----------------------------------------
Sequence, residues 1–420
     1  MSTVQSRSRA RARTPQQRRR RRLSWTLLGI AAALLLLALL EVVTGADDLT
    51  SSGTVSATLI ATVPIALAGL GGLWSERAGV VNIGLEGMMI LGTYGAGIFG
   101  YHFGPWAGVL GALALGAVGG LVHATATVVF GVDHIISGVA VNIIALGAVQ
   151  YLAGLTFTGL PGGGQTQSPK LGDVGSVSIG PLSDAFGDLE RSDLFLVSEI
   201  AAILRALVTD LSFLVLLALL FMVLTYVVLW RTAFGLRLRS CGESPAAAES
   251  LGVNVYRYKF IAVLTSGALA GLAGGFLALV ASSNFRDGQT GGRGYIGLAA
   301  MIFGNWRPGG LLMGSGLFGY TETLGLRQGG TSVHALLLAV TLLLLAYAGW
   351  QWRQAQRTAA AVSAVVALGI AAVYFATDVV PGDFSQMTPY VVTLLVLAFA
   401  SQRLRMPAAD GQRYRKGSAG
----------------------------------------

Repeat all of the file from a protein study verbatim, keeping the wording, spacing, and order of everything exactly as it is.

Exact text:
Sequence, residues 1–420
     1  MSTVQSRSRA RARTPQQRRR RRLSWTLLGI AAALLLLALL EVVTGADDLT
    51  SSGTVSATLI ATVPIALAGL GGLWSERAGV VNIGLEGMMI LGTYGAGIFG
   101  YHFGPWAGVL GALALGAVGG LVHATATVVF GVDHIISGVA VNIIALGAVQ
   151  YLAGLTFTGL PGGGQTQSPK LGDVGSVSIG PLSDAFGDLE RSDLFLVSEI
   201  AAILRALVTD LSFLVLLALL FMVLTYVVLW RTAFGLRLRS CGESPAAAES
   251  LGVNVYRYKF IAVLTSGALA GLAGGFLALV ASSNFRDGQT GGRGYIGLAA
   301  MIFGNWRPGG LLMGSGLFGY TETLGLRQGG TSVHALLLAV TLLLLAYAGW
   351  QWRQAQRTAA AVSAVVALGI AAVYFATDVV PGDFSQMTPY VVTLLVLAFA
   401  SQRLRMPAAD GQRYRKGSAG